>> datetimes" or as an FAQ), I'd be very happy to write that patch.
> I've mentioned a few times before that I'd welcome something more akin
> to the "floating-point surprises" appendix:
> Most users don't want to read anything about theory, but it needs to
> be discussed sometimes. So in that appendix, the approach is to
> introduce bite-sized chunks of theory to explain concrete, visible
> _behaviors_, along with practical advice. The goal is to get the
> reader unstuck, not to educate them _too_ much ;-) Anyway, that
> appendix appears to have been effective at getting many users unstuck,
> so I think it's a now-proven approach.
That's very similar to what I had in mind, actually. I'll work on a doc
patch, and look forward to you tearing it apart ;-)
>>> Classic arithmetic is equivalent to doing integer arithmetic on
>>> integer POSIX timestamps (although with wider range the same across
>>> all platforms, and extended to microsecond precision). That's hardly
>>> novel - there's a deep and long history of doing exactly that in the
>>> Unix(tm) world. Which is Guido's world. There "shouldn't be"
>>> anything controversial about that. The direct predecessor was already
>>> best practice in its world. How that could be considered a nuisance
>>> seems a real strain to me.
>> If you are doing any kind of "integer arithmetic on POSIX timestamps", you
>> are _always_ doing timeline arithmetic.
>> Classic arithmetic may be many things, but the one thing it definitively is
>> _not_ is "arithmetic on POSIX timestamps."
> False. UTC is an eternally-fixed-offset zone. There are no
> transitions to be accounted for in UTC. Classic and timeline
> arithmetic are exactly the same thing in any eternally-fixed-offset
> zone. Because POSIX timestamps _are_ "in UTC", any arithmetic
> performed on one is being done in UTC too. Your illustration next
> goes way beyond anything I could possibly read as doing arithmetic on
> POSIX timestamps:
Translation: "I refuse to countenance the possibility of Model A."
>> This is easy to demonstrate: take one POSIX timestamp, convert it to
>> some timezone with DST, add 86400 seconds to it (using "classic
>> arithmetic") across a DST gap or fold, and then convert back to a POSIX
>> timestamp, and note that you don't have a timestamp 86400 seconds away
>> from the first timestamp. If you were doing simple "arithmetic on POSIX
>> timestamps", such a result would not be possible.
> But you're cheating there. It's clear as mud what you have in mind,
> concretely, for the _result_ of what you get from "convert it to
> some timezone with DST", but the result of that can't possibly be a
> POSIX timestamp: as you said at the start, a POSIX timestamp denotes
> a number of seconds from the epoch _in UTC_ You're no longer in UTC.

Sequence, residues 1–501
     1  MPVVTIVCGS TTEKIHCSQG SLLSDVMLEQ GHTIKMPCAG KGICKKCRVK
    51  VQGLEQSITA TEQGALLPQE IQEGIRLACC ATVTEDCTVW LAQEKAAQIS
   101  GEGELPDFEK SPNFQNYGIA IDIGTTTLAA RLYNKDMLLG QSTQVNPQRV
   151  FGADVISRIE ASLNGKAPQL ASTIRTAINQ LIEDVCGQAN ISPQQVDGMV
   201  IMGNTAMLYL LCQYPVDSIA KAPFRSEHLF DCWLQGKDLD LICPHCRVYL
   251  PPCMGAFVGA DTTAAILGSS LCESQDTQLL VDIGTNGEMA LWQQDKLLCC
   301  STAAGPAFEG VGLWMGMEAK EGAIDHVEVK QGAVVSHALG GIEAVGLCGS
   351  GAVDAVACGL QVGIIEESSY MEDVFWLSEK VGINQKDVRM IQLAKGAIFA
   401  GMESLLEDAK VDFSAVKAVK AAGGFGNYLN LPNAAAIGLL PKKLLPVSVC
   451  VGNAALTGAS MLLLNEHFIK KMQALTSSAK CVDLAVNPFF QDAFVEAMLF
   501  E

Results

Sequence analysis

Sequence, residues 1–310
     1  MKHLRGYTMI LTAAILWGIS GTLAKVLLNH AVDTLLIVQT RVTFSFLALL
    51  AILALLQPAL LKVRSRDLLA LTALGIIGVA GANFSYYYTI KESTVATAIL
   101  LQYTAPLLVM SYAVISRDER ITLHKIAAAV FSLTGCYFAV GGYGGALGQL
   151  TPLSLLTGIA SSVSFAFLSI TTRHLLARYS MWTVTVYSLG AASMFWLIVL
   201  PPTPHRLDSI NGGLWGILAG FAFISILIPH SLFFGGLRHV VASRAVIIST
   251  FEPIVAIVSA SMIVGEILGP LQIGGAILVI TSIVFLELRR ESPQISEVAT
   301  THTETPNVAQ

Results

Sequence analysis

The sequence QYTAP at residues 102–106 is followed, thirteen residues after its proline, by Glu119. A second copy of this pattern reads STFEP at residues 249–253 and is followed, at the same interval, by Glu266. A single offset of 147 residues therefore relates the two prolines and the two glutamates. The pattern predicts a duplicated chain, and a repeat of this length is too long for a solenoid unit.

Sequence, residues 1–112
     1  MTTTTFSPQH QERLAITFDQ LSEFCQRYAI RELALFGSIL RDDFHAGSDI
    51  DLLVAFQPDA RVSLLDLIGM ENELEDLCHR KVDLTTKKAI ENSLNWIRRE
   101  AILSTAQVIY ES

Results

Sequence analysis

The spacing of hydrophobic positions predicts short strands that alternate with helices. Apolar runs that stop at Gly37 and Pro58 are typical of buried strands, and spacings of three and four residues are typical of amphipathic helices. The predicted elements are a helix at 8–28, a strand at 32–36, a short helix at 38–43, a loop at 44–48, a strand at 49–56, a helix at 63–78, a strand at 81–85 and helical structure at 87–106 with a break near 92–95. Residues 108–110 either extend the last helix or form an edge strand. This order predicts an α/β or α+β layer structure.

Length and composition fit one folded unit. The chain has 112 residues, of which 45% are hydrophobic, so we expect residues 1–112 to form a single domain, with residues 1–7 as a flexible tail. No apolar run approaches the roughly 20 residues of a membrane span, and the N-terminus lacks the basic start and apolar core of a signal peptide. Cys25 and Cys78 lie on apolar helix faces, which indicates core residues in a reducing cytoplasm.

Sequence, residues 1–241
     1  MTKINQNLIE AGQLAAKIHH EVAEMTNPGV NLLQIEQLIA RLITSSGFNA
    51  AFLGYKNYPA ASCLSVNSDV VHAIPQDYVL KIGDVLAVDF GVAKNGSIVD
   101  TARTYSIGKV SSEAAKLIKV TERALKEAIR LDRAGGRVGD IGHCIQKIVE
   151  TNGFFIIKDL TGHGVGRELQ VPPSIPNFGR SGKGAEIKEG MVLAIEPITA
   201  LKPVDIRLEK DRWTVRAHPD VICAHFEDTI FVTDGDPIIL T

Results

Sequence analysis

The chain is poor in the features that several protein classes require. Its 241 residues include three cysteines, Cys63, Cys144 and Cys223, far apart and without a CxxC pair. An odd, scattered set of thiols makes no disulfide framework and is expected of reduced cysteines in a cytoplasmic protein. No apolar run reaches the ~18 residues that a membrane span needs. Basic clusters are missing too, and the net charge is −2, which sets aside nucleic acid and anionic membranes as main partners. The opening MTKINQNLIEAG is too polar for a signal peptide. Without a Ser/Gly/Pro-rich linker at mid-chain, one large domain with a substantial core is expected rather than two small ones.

> You left the POSIX timestamp world at your very first step. So
> anything you do after that is irrelevant to how arithmetic on POSIX
> timestamps behaves.
Not if your mental model is that an aware datetime in some other
timezone is isomorphic to a POSIX timestamp with a timezone annotation.
In that case, the "timezone conversion" part is really easy and
obvious; you just change the timezone annotation.
> BTW, how do you intend to do that conversion to begin with? C's
> localtime() doesn't return time_t (a POSIX timestamp). The standard C
> library supports no way to perform the conversion you described,
> because that's not how times are intended to work in C, because in
> turn the Unix world has the same approach to this as Python's
> datetime: all timeline arithmetic is intended to be done in UTC
> (equivalent to POSIX timestamps), converting to UTC first (C's
> mktime()), then back when arithmetic is done (C's localtime()). The
> only difference is that datetime spells both C library functions via
> .astimezone(), and is about 1000 times easier to use ;-)
> If you're unfamiliar with how this stuff is done in C, here's a
> typically incomprehensible ;-) man page briefly describing all the
> main C time functions:
Thank you. In exchange, here's a reference to the ZonedDateTime object
I think (notably unlike the C libraries) NodaTime/JodaTime is an
excellent example of a datetime library that maintains its mental models
clearly, and provides the necessary set of objects to represent all the
various concepts unambiguously and consistently. I think its usability
is attested to by the fact that it's become the de facto standard in the
Java world, and somebody went to the trouble of porting it to .NET, too,
where it's also become quite popular.
>> In Model A (the one that Lennart and myself and Stuart and Chris have
>> all been advocating during all these threads) timezone) are unambiguous
>> representations of a POSIX timestamp, and all arithmetic is "arithmetic
>> on POSIX timestamps." That right there is the definition of timeline arithmetic.
> Here's an example of arithmetic on POSIX timestamps:
> 1 + 2
> returning 3. It's not some kind of equivalence relation or bijection,
> it's concretely adding two integers to get a third integer. That's
> all I mean by "arithmetic on POSIX timestamps". It's equally useful
> for implementing classic or timeline arithmetic. The difference
> between those isn't in the timestamp arithmetic, it's in how
> conversions between integers and calendar notations are defined.
> There does happen to be an obvious bijection between arithmetic on
> (wide enough) POSIX timestamps and naive datetime arithmetic, which is
> in turn trivially isomorphic to aware datetime arithmetic in UTC.
> Although the "obvious" there depends on knowing first that, at heart,
> a Python datetime is an integer count of microseconds since the start
> of 1 January 1. It's just an integer stored in a bizarre mixed-radix